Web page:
New Data Security Law passed. China's National People's Congress last Thursday passed a sweeping Data Security Law that grants the Chinese government enhanced authority to curtail tech companies and control data transfer to foreign countries. Under the new law, tech companies are not allowed to provide any data stored in China to foreign judicial and law enforcement authorities without government approval. This law introduces a new concept that was not in earlier drafts: "core state data," which will be subject to stricter oversight. Offenders will face a fine of up to $1.56 million or be forced to shut down.

Beijing is unimpressed with crypto's practical uses. Zhou Xiaochuan, former governor of the People's Bank of China, attended a high-level finance forum in Shanghai last Friday and gave a speech that directly mentioned cryptocurrency. According to Reuters, he said the government would only invest more resources into researching crypto's practical applications if this new invention could prove to be useful for the broader economy. Instead, crypto's transaction speed is too slow while it takes up too much processing capacity, Zhou said.

China Goes Global

Shein and Dr. Martens tangle in a lawsuit. Shein, the Chinese fast-fashion brand that has become a global sensation, was sued by Airwair International, the company that makes Dr. Martens boots, the Financial Times reported. The shoemaker accused Shein of having a "clear intent to sell counterfeits" and using real Dr. Martens shoes for marketing.

Boss Zhipin's parent company nearly doubles its value in IPO debut. Beijing-based Kanzhun, the company that owns China's leading job-recruitment app, Boss Zhipin, started trading on the Nasdaq Global Select Market last Friday. The Tencent-backed company's valuation almost doubled after raising $912 million in its IPO, according to Bloomberg, making it the biggest Chinese IPO in the U.S. since March. Boss Zhipin works a bit like a dating app, matching job applicants directly with recruiters, human resources staff and company executives.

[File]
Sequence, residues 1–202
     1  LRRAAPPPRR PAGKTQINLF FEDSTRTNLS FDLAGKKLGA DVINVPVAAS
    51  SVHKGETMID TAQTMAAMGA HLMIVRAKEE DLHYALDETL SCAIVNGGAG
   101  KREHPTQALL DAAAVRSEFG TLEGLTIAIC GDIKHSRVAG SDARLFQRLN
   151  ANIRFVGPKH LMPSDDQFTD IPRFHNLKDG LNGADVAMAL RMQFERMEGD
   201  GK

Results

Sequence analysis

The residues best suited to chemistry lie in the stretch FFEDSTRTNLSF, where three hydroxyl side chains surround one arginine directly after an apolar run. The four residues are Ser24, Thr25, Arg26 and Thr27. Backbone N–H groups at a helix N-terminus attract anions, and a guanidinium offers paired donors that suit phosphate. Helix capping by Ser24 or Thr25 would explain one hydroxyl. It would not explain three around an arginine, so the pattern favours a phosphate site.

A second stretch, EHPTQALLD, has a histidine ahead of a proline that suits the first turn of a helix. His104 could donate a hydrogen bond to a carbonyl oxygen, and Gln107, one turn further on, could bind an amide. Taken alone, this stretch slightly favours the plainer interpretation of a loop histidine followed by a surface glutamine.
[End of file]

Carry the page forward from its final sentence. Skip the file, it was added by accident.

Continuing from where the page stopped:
One Company You Should Know

A16z is leading the #cidergang. Cider, a fast-fashion retailer, just raised $22 million in its series A round of funding, co-led by partners of DST Global and Andreessen Horowitz. A16z also contributed to Cider's seed funding. Similar to Shein, Cider is popular with Gen Z shoppers. It has almost 2 million followers globally on its social media accounts, who use the hashtag "#cidergang" to show their allegiance to the brand and its products.

Straight From China's Web

Tencent makes headlines by … honoring weekends. Last week, Tencent was trending on Weibo because a leaked internal memo showed that one of Tencent's game studios had announced rules mandating that employees get off work at 6 p.m. every Wednesday and take weekends off, according to Shanghai-based publication The Paper. China's Big Tech is notorious for overworking tech workers; Tencent's policy is a step away from the grueling "996" schedule. But some Weibo users scorned the move: "Tencent's game studio is only honoring every worker's legal rights. How come this is framed as a gift handed by the capitalist?"

Douyin parts ways with the fandom economy. Following in the steps of Chinese streaming platform iQiyi, Douyin, the sensational short-video app, announced on Monday that it would put a stop to "fandom activities that have crossed the line." Douyin promised to take broad actions against abuses, spamming and other common activities seen in fandom groups, but the app didn't elaborate on what specific actions it would take.

On Our Radar

The first wage payouts in digital yuan. China is one step closer to a full rollout of its central bank digital currency: It debuted blockchain-enabled salary payments in digital yuan last weekend. According to Xinhua, this new digital yuan pilot was applied to pay salaries to workers on a spring afforestation project in Xiong'an. Engineering subcontractors made payments directly to the workers' digital wallets through a "blockchain payment platform" that stores their personal and salary information.

One More Thing

The making of the world's first Chinese digital font

Chinese writers often complain about the lack of variety in Chinese computer typefaces. A recent MIT Tech Review article that details the painstaking process of developing the world's first Chinese digital font may explain why: It's simply too time-consuming to digitize Chinese characters. More than 40 years ago, designers had to draw and edit tens of thousands of characters by hand to make it possible to type in Chinese. They spent years trying to style low-resolution bitmap Chinese characters. To ensure aesthetics, designers adjusted the bitmaps for each component in characters so slightly that it's almost imperceptible to the human eye. This is a reminder that we should not take for granted the intricate efforts that solved a vexing technology issue in the early 1980s.

Until next time — 再见 (zài jiàn).

Correction: Cider's recent round of funding was led by partners of DST Global, not the firm itself. This story was updated on July 13, 2021, to reflect this.